narrator

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NARRATOR. A pleader who draws narrs serviens narrator, a sergeant at law. Fleta, 1. 2, c. 37. Obsolete.

References in periodicals archive ?
Once again, he opens that introduction with a particularly resounding narratorial negation:
This study was conducted by Mafia Kotovych as part of her honors thesis under the supervision of Peter Dixon at the University of Alberta, "'Identification in literature: Role of conversational processes and narratorial technique.
In what is apparently Ma Yuan's first novel (though published much later, in 1986), Haibian yeshi yige shijie (It Is Another World on the Seashore), two characters appear as narratorial surrogates who are to reappear in many of his subsequent novels and stories: Yao Liang and Lu Gao.
For Aczel, traditional markers of narratorial presence, such as first person pronouns and reflexive statements, posit a speaker function, and commentary names a subject position, but only style endows a speaker subject with a voice.
These lines are extracted from a sustained narratorial diatribe against inconsistency in the first Sneyd fragment, articulated in broad rhetorical terms but clearly reflecting on the actions of the characters.
Clearly, the narratorial self is constructed similarly in both texts as an individual able to critique her situation analytically and simultaneously at ease expressing that critique in colloquially figurative speech.
Apart from its demotic register, its constant use of guttersnipe vocabulary, the cozy narratorial sympathy with the protagonist, and the total lack of distance and irony on the part of the author all help to form a phallocentric view of the world which makes readers squirm.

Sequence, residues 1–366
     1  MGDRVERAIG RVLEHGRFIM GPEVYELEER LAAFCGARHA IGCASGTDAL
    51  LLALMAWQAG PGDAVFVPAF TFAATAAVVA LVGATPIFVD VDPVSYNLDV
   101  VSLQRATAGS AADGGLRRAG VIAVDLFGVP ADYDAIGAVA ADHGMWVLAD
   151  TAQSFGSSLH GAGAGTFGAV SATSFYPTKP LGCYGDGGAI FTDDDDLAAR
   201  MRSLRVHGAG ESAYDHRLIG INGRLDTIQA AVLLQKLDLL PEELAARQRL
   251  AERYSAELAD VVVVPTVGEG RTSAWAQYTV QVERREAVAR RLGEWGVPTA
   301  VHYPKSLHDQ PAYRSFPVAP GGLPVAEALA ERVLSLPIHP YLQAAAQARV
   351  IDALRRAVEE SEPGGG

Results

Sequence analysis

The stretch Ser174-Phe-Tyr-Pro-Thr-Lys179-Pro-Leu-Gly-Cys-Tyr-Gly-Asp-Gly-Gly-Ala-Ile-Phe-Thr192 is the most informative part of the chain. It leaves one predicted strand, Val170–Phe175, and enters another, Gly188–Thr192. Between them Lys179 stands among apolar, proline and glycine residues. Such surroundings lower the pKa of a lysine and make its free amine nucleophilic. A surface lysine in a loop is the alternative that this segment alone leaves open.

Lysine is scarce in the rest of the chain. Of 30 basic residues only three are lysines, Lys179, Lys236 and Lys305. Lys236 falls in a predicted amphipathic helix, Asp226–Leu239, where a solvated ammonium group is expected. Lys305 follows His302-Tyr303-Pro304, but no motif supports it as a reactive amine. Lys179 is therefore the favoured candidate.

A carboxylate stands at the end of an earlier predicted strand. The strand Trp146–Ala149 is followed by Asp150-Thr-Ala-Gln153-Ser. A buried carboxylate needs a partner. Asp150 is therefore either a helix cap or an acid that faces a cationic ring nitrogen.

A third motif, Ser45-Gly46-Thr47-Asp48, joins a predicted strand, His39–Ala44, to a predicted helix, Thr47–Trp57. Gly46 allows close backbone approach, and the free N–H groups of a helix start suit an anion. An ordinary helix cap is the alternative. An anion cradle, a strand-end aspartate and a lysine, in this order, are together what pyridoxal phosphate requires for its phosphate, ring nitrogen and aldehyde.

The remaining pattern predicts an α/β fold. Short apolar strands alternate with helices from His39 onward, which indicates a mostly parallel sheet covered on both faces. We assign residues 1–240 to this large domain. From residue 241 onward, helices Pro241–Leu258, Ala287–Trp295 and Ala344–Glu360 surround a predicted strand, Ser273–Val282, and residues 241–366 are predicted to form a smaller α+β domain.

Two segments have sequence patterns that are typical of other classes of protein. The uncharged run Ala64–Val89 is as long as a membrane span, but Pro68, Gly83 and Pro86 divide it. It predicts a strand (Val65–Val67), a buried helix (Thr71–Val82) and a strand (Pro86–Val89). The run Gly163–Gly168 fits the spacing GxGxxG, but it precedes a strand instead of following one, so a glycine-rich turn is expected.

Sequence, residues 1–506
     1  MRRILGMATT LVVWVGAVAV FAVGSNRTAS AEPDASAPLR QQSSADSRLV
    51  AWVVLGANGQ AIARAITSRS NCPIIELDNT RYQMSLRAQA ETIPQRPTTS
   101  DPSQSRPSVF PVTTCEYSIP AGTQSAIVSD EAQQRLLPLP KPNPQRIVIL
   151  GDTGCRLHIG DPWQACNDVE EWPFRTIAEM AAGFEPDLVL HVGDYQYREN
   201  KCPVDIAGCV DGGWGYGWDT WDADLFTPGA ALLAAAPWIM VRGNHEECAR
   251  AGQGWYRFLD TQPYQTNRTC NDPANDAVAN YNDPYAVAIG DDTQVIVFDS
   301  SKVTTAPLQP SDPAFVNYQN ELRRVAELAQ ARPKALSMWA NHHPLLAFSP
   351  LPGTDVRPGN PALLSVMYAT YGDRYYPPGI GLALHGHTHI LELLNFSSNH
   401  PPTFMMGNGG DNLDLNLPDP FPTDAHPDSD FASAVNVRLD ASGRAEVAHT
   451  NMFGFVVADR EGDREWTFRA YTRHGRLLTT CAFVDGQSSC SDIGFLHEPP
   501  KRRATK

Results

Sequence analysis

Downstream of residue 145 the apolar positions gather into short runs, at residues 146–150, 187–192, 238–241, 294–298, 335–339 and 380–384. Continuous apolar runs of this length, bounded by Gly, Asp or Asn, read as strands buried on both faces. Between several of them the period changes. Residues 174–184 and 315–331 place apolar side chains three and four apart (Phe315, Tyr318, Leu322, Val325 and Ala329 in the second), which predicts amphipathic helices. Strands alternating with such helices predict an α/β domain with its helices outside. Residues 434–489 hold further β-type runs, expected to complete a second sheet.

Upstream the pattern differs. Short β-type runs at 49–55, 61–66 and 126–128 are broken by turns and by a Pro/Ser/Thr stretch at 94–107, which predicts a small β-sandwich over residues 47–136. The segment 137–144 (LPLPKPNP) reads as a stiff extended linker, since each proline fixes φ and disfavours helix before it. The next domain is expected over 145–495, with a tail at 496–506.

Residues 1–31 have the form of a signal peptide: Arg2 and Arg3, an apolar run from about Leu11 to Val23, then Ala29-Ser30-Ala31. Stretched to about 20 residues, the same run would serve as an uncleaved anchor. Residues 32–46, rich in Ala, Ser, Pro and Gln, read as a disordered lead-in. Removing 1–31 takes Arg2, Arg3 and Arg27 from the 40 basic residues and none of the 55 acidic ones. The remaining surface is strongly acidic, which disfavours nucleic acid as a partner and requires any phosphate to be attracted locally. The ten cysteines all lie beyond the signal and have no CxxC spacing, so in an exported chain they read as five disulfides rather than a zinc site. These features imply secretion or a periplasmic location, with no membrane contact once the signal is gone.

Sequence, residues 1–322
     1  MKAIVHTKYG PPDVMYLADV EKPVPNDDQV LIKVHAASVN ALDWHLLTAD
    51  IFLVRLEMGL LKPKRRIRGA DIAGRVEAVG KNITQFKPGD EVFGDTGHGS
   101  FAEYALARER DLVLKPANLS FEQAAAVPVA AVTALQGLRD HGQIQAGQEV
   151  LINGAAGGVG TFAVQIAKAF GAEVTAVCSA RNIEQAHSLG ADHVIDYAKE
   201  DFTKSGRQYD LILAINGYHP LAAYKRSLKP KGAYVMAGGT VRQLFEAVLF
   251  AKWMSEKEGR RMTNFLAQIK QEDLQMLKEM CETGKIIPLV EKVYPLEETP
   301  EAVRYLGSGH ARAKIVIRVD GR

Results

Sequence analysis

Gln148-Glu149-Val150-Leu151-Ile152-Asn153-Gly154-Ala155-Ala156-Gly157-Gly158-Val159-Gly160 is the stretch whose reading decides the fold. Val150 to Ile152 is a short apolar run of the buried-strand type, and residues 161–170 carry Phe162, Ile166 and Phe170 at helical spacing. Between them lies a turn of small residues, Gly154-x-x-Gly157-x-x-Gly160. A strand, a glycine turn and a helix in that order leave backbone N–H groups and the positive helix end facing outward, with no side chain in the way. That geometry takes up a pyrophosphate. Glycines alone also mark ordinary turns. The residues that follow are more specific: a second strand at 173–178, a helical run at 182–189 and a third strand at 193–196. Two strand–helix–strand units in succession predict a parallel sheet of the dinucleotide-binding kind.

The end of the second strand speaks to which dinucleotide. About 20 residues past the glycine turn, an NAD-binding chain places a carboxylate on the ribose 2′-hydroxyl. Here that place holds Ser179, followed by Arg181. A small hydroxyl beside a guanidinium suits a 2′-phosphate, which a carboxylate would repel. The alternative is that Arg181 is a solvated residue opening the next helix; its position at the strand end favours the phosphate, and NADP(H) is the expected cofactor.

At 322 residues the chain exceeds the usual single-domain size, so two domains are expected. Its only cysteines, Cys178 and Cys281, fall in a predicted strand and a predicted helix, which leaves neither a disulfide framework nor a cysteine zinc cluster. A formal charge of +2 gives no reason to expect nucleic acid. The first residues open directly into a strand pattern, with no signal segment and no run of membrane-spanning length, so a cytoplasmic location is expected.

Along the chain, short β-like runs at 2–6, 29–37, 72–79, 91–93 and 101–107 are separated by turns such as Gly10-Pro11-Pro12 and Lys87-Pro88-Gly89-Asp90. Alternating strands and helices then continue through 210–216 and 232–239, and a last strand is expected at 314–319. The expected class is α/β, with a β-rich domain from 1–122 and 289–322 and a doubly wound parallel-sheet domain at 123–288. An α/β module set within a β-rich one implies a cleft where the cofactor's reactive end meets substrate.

Aristotle in the Poetics praises Homer for making such extensive use of direct speech and exercising restraint in narratorial comment.
In contrast, I shall argue that they articulate a complex play of narratorial distance and identification, and shall propose that their characteristic ambivalence, most clearly formulated in Jules Valles's sketches of the mid-1860s, highlights wider anxieties concerning the status of the writer and the social functions of literature.
Corrective comedy is satirical in spirit and relies on the operation of a more or less stable narratorial stance, supporting an essentially pre-novelistic, theological worldview.
4) Whatever their relevance to later fiction, these characterizations of FID are inadequate and misleading when applied to Austen's novels, which deploy FID in conjunction with a trustworthy, authoritative narrative voice and which repeatedly intertwine FID with narratorial commentary, sometimes inside of a single sentence.
She doubts Joe's state of mind, and her doubt contributes significantly to the reader's, constructing an increasing pattern of narratorial inconsistencies through their different interpretative perspectives.